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  1. Like
    Kaunitz reacted to MikeyD in Trees. I hate them.   
    I second the request for 'interesting' rural terrain. I'm a big fan of 'heavy rocks' to impede tanks, often tagged as [rubble] for blocked city streets. I also liberally use 'heavy woods' terrain tiles to create no-go areas for tanks. Lately, for CMRT scenarios, I've gotten into mixing up hedges, bocage, light woods tiles and trees to make strips of dense roadside foliage. And yeh, either slightly raised or depressed roads. You really do need to build in the 'mircoterrain'.
  2. Upvote
    Kaunitz got a reaction from LongLeftFlank in Trees. I hate them.   
    Last game a trooper of mine  fired 4 RPG7-shots into a tree right in front of him. The tank was 20-25m away...

    I'm also a bit disappointed about how easily tanks seem to be allowed to manoeuver (and turn their turret/gun) in woods. It would be great if more map designers made use of small patches of heavy wood (impassable to tanks, afaik?) to make tank movement more complicated and less predictable in woods. Tank manoeuverablity in dense forest is one of my main gripes.

    As LongLeftFlank also mentioned, very few CM map feature the thickets at the edges of woods (a gently rising canopy, so to speak), which would cut LOS into the wood. Of course this would also depend on the type of wood - there are many woods without that typical thicket.

    Most woods on quick battle maps are way too small. As a result, these woods can be traversed very fast, they can be easily saturated by artillery fire, and defending them doesn't take a lot of troops.
  3. Like
    Kaunitz got a reaction from Bulletpoint in Trees. I hate them.   
    Last game a trooper of mine  fired 4 RPG7-shots into a tree right in front of him. The tank was 20-25m away...

    I'm also a bit disappointed about how easily tanks seem to be allowed to manoeuver (and turn their turret/gun) in woods. It would be great if more map designers made use of small patches of heavy wood (impassable to tanks, afaik?) to make tank movement more complicated and less predictable in woods. Tank manoeuverablity in dense forest is one of my main gripes.

    As LongLeftFlank also mentioned, very few CM map feature the thickets at the edges of woods (a gently rising canopy, so to speak), which would cut LOS into the wood. Of course this would also depend on the type of wood - there are many woods without that typical thicket.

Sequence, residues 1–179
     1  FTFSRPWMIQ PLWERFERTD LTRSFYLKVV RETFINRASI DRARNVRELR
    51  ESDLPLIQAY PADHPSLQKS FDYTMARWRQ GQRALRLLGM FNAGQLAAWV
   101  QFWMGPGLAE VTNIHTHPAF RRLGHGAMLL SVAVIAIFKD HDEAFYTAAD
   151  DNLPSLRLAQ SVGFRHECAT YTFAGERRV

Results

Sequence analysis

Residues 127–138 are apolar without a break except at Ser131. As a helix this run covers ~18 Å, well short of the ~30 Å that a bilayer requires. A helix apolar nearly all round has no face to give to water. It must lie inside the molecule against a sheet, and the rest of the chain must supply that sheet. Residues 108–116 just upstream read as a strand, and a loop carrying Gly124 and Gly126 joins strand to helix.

Most woods on quick battle maps are way too small. As a result, these woods can be traversed very fast, they can be easily saturated by artillery fire, and defending them doesn't take a lot of troops.
  4. Like
    Kaunitz got a reaction from Bulletpoint in What I'd like to see in CM3...   
    What often drives me nuts is that you cannot area-target reverse slope spots (exception: mortars).
    This basically means that your line of sight (onto the ground!) is identical with your line of fire, which sometimes leads to rather ridicolous problems: For example, I cannot order my heavy MG to spray some bushes. I can only order the MG to target the ground in front of the bushes, but I cannot fire at the bushes themselves.
    For this reason alone, vehicle-mounted MGs are often more usefull as they are better at "spotting the ground" because of the elevated position of the MG. But then again, the fire from mounted MGs  is often not as effective (depending on the distance, the angle between the ground and the trajectory of the shots is bigger, so the bullets don't graze that well/travel that far - the effect of the fire is extremely limited to a very tight spot). 
    Generally speaking, I think that MGs have a lot of problems in the current engine. Effective fire is very hard to achieve because of the LOS=LOF issue described above, because of map design (very steep elevations, lots of cover --> very few opportunities for effective long range and/or grazing fire), because players have no influence on the spread (only 1 spot targeted per round/minute) and on the rate of fire (which depends entirely on the range) and because combat mission pixeltruppen tend to be rather unimpressed by fire (unless it kills). To a lesser degree though, these problems affect all small calibre fire. It's very hard to direct fire in a way in which it is effective (sweeping/covering ground effectively).
    It would also be nice if MGs were more trigger happy. If they see a single enemy soldier who drops to the ground, they should continue to fire at the spot where he went down and the surroundings. Exclusively firing on sight defeats the purpose.